Starting something new can be extremely difficult, especially when it is something like exercising in the gym or running in public – no wonder most of us get intimated by our goals of becoming more active and easily give up.
But if the main motivation behind becoming more active is to feel better, there’s a lot you can do to achieve your goal that doesn’t involve exercising or playing sports in public. Researchers are now saying that even light physical activity can drastically improve your mood and help you live longer. Still need more reasons to get moving?
Light Exercise Can Improve Mood…
The University of Connecticut conducted a study using 419 participants who weren’t physically active, but were still healthy individuals. The results showed that even adding a little bit of exercise to their daily routine increased their chances of living a happier life by changing the way they perceived their own well-being.
Even more surprising was the fact that the participants didn’t have to exercise intensely to see the improvements in their mood – especially since they were getting no physical activity before the experiment.
The lead researcher Gregory Panza explained that people whose main goal is improve their mood through physical activity don’t necessarily need to buy expensive gym memberships to reap the benefits. Instead, something as simple as a leisurely stroll without increasing your breathing or heart rate can make a significant improvement in your mood.
… and Increase Life Expectancy
Another study revealed that light exercise can even increase life expectancy in women. 6,382 female participants from the ages of 63 to 99 were asked to wear accelerometers every day to measure their level of physical activity while performing daily tasks except for when exposed to water whiling showering or swimming.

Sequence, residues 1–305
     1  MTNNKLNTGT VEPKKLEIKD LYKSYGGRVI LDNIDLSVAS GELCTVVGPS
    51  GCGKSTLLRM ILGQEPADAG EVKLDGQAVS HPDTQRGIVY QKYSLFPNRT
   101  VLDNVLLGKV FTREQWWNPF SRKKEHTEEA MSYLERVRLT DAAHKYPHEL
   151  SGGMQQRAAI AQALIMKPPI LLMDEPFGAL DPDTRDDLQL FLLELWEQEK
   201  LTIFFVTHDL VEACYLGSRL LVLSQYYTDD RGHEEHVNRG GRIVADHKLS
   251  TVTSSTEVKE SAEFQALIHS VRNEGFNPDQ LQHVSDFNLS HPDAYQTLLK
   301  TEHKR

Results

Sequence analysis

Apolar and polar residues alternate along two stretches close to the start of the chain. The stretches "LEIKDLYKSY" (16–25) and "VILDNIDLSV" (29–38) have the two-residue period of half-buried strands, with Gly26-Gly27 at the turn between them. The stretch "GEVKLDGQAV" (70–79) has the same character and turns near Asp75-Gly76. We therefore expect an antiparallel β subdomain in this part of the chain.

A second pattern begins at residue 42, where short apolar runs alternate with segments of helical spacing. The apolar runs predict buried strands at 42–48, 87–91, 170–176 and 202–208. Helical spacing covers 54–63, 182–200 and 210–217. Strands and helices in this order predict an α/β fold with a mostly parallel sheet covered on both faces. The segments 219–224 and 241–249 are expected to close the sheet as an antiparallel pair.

After one week, the participants handed in their accelerometers for scientists to accurately quantify their physical activity instead of creating self-reports which could be highly inaccurate.
For three years, the researchers observed the health of the female participants and discovered that there was a direct link between the physical activity and mortality. Women who engaged in light physical activity increased their life expectancy by 12%. Moderate to vigorous exercise had an even greater impact on mortality: there was a 39% increase in life expectancy with each 30-minute moderate to vigorous physical activity every day.
Different Activity Level for Different Needs
12% decrease in mortality isn’t bad either – especially if all it requires from you is light household chores, casual walks for short distances or even taking the stairs occasionally. The researchers say that the effects are constant across all age, weight and ethnic groups.
In conclusion, professor LaCroix, the lead researcher from University of California said that general physical activity guidelines need to change in order to recognize the health benefits of light exercise which has been proven to decrease mortality in women.
So how much exercise should you be getting every day? The answer depends on your needs and goals. For example, for someone who is training for a marathon, light to moderate activity will probably not be enough. The same theory applies to mental and physical health: you need different levels of intensity and frequency in order to see the result you desire.
While light activity may boost your mood, and increase your life expectancy, the same level of exercise will not be enough to see a change in physique, stamina or energy level. The benefits of light physical activity are especially prominent in those people who come from a completely sedentary lifestyle.
Panza says that ‘more is better’ isn’t always the case with exercise and a little can go a long way in ensuring that you live a happier, healthier life. The sense of personal well-being that most participants in the study felt, also reflected in their choices outside the realms of physical fitness. Most of them were beginning to make healthier eating choices as well and feeling less stressed at work.